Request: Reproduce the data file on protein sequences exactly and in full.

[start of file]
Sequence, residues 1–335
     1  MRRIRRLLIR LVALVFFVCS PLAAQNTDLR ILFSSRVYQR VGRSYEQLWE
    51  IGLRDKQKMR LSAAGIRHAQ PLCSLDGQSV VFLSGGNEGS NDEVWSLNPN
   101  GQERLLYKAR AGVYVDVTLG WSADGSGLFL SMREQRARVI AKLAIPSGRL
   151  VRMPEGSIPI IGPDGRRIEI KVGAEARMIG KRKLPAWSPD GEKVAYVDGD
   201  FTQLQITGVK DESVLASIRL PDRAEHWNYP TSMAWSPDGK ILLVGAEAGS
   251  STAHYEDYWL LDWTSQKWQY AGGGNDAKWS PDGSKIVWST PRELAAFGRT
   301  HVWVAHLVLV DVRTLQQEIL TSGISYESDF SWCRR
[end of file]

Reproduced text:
Sequence, residues 1–335
     1  MRRIRRLLIR LVALVFFVCS PLAAQNTDLR ILFSSRVYQR VGRSYEQLWE
    51  IGLRDKQKMR LSAAGIRHAQ PLCSLDGQSV VFLSGGNEGS NDEVWSLNPN
   101  GQERLLYKAR AGVYVDVTLG WSADGSGLFL SMREQRARVI AKLAIPSGRL
   151  VRMPEGSIPI IGPDGRRIEI KVGAEARMIG KRKLPAWSPD GEKVAYVDGD
   201  FTQLQITGVK DESVLASIRL PDRAEHWNYP TSMAWSPDGK ILLVGAEAGS
   251  STAHYEDYWL LDWTSQKWQY AGGGNDAKWS PDGSKIVWST PRELAAFGRT
   301  HVWVAHLVLV DVRTLQQEIL TSGISYESDF SWCRR